The Facilitator Neutral expedites the process by helping you and your spouse precisely identify short and long-term goals.

Most experienced attorneys can do all that the neutrals do.  But, they do it at their regular rates.

Experienced divorce attorneys charge between $350.00 an hour to $450.00 an hour. Some charge more; some less. The important point is that the hourly fee of your attorney is the same whether your attorney is working on the “separation agreement”, a legal document, or who gets the college chest – a distinctively non-legal issue.

Experienced neutrals charge between $175.00 and $250.00 per hour.

Who can use Neutrals?  Parties in contested divorces are already using neutrals to do real estate or business appraisals. So why not other neutrals?  Parties trying to “work it out” on their own can really benefit from neutrals. The Collaborative Divorce Process  already uses neutrals.

Ginny Simon and Linda Cohan are Facilitator Neutrals. Diane Pappas is a Financial Neutral. The fees of these neutrals follow within the range described above. All three are experienced mediators – a plus.

 

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Reducing the Cost of Divorce with Limited Assistance Representation (LAR)

By: Attorney Anthony C. Adamopoulos

If you are facing divorce, you may be feeling a lot of uncertainty. If you are also having financial difficulties, you may feel more uncertainty. This post is intended to provide information and resources to help you understand a different alternative when facing divorce; an alternative that may give you more certainty.

What is Limited Assistance Representation (LAR)?

Limited Assistance Representation allows you to hire me to help you with some, but not all, of your divorce proceedings. In a written agreement, you and I outline exactly what I am expected to do.  Here are some areas in which I can help you:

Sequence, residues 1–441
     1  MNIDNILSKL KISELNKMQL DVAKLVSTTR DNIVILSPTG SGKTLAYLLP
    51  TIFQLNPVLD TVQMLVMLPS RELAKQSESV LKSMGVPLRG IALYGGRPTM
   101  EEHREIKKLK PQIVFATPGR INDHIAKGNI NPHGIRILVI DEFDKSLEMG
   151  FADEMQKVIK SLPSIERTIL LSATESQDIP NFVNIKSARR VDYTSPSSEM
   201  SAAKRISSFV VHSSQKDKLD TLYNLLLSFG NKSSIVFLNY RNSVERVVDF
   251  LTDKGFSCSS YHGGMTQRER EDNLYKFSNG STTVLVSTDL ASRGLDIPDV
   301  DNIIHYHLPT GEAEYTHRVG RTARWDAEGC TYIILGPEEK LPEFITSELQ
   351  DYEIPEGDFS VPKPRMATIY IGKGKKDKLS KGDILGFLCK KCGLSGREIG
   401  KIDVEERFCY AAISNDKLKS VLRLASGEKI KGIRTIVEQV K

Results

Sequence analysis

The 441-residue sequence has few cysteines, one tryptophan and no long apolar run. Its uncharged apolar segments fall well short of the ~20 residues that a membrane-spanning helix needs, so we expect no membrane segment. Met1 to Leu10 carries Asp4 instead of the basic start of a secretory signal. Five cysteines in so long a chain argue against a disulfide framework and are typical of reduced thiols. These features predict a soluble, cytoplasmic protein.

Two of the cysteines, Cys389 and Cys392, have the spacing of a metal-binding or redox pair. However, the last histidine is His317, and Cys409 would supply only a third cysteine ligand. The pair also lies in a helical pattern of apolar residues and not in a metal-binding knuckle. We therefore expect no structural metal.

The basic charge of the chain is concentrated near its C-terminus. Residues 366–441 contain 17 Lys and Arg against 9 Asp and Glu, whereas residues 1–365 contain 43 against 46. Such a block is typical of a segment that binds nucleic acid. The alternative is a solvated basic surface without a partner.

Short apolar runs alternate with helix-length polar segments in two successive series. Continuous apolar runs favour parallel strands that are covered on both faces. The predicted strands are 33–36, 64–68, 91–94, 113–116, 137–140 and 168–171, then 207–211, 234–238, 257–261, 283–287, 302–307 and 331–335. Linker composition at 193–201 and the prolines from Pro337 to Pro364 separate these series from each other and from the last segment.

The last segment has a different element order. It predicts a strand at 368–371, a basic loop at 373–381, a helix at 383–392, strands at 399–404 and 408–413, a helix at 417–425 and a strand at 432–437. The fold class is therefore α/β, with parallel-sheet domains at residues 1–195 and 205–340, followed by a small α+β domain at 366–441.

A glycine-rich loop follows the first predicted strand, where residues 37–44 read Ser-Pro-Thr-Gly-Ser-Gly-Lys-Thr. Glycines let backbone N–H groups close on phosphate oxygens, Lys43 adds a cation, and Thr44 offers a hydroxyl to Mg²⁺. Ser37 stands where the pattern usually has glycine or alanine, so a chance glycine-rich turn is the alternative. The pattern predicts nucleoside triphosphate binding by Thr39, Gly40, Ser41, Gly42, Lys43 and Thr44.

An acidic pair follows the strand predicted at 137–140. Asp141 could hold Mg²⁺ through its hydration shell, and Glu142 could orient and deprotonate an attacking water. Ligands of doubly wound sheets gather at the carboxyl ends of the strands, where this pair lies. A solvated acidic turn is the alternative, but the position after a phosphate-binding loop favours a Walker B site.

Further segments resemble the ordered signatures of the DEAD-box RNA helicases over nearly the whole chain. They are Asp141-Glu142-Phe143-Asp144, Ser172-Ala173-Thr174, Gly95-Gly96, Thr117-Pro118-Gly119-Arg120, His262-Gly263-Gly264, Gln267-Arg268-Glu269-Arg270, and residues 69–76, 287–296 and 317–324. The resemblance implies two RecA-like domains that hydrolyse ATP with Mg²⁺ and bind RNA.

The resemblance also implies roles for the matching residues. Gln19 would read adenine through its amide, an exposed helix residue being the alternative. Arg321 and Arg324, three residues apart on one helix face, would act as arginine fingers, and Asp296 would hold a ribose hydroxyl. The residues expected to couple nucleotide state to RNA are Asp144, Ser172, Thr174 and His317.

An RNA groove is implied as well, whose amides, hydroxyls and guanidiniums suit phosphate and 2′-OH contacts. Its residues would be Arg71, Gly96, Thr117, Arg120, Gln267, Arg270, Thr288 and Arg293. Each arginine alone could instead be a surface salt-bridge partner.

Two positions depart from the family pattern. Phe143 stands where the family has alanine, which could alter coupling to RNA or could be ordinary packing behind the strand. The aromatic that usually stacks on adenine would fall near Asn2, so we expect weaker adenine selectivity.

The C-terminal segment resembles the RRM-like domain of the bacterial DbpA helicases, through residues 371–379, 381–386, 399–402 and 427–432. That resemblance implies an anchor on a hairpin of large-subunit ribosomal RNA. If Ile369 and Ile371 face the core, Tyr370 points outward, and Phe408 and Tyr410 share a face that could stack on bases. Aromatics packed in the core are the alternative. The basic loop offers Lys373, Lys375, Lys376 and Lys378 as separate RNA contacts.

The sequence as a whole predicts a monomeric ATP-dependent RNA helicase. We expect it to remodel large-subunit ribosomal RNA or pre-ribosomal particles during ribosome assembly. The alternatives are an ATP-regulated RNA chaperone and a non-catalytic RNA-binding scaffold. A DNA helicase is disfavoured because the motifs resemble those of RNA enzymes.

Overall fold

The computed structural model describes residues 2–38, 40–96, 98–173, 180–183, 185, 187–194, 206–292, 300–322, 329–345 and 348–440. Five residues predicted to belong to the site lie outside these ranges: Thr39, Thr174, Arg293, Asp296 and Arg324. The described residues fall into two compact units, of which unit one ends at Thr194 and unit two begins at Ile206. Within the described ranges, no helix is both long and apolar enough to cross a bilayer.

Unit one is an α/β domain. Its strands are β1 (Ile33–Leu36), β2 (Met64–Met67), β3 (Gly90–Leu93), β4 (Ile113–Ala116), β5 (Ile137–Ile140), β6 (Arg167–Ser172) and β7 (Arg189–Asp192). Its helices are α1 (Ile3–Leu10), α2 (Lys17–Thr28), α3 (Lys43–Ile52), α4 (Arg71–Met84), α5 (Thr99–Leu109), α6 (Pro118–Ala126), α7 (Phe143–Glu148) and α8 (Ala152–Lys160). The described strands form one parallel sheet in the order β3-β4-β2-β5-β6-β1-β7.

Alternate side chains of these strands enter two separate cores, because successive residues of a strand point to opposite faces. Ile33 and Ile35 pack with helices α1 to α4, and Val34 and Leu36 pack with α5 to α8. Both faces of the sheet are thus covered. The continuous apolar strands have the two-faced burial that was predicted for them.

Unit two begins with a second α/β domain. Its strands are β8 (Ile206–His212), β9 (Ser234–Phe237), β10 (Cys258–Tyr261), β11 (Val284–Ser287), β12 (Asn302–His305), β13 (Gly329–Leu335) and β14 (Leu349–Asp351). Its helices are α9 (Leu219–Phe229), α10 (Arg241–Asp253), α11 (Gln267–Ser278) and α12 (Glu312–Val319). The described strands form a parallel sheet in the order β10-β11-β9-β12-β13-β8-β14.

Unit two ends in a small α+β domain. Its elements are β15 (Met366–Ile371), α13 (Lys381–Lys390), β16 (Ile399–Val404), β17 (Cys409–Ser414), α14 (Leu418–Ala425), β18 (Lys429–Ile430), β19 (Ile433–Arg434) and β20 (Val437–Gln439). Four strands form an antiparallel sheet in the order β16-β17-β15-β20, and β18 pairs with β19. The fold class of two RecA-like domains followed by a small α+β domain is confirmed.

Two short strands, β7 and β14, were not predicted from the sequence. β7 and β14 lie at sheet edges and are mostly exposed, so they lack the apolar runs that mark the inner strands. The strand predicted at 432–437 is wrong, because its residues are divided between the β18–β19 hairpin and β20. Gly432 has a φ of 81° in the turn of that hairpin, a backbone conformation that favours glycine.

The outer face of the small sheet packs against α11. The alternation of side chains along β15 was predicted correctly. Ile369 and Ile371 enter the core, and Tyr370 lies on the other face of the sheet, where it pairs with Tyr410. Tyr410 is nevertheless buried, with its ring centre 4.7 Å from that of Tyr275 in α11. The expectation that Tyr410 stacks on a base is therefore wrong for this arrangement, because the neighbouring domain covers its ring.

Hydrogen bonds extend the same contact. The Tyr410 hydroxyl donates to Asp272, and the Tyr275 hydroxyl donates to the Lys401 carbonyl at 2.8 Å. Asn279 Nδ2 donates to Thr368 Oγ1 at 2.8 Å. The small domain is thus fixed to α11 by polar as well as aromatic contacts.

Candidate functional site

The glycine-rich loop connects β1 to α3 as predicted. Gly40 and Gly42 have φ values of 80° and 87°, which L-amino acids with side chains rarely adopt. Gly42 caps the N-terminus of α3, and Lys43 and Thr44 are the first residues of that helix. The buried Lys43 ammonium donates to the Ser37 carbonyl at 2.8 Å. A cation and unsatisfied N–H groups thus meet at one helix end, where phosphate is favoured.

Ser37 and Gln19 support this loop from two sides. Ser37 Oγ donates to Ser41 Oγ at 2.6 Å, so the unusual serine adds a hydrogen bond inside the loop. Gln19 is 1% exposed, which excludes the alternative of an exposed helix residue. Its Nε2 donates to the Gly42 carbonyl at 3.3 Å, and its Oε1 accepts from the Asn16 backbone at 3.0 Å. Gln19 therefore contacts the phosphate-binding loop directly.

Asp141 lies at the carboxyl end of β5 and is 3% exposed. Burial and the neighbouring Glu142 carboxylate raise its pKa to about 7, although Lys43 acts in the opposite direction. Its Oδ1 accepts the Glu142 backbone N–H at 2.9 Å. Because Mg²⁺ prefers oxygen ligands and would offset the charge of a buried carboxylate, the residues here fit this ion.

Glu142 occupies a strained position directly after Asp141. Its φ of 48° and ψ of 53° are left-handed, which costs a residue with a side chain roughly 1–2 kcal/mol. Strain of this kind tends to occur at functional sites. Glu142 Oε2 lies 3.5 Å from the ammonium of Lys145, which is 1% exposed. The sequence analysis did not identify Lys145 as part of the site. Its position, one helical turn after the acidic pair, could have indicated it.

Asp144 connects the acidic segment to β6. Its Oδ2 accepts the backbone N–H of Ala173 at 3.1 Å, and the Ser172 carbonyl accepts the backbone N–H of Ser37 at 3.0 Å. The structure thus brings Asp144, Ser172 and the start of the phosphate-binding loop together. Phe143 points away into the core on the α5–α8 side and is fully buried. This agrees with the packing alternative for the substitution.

• Limited Assistance for a Court Appearance: This allows you to hire me to go with you to court and “appear” for you, one appearance at a time, for example, appear at a Pre-Trial Conference.
  • Limited Assistance for a Service: This allows you to hire me for one type of service, for example, to review a separation agreement.
  • Limited Assistance for Document Preparation:  This allows you to hire me to prepare a document to be filed with the court, for example, a Pre Trial Memorandum.
  • Limited Assistance for Help in Negotiating: This allows you and I to focus on those issues and approaches that will most likely achieve settlement.

Benefits of Limited Assistance Representation For You:

  • Limited Assistance Representation can be helpful if you have financial restrictions keeping you from hiring an attorney for the entire divorce process. With Limited Assistance, you only pay for the services you need.
  • Limited Assistance Representation allows you to hire an attorney for “game changing” events such as the Pre-Trial Conference with the judge when an attorney’s experience can make a difference in the outcome of the Conference.

Is Limited Assistance Representation Appropriate For You?

  • Limited Assistance Representation is appropriate when you do not wish to represent yourself and cannot hire an attorney for the entire case, but you still need representation for a specific matter.
  • Limited Assistance Representation is appropriate when you feel comfortable taking on certain responsibilities, for example, the preparation of the Financial Statement and the gathering, organizing and producing of financial records.
  • Limited Assistance Representation is appropriate for an existing court matter or a matter soon to be filed with the court.

Important Considerations:

  •  Under the law people who represent themselves are not entitled to special considerations or leniency. This is important because many people believe that if they represent themselves the judge must “go easy” on them.

 

MORE INFORMATION: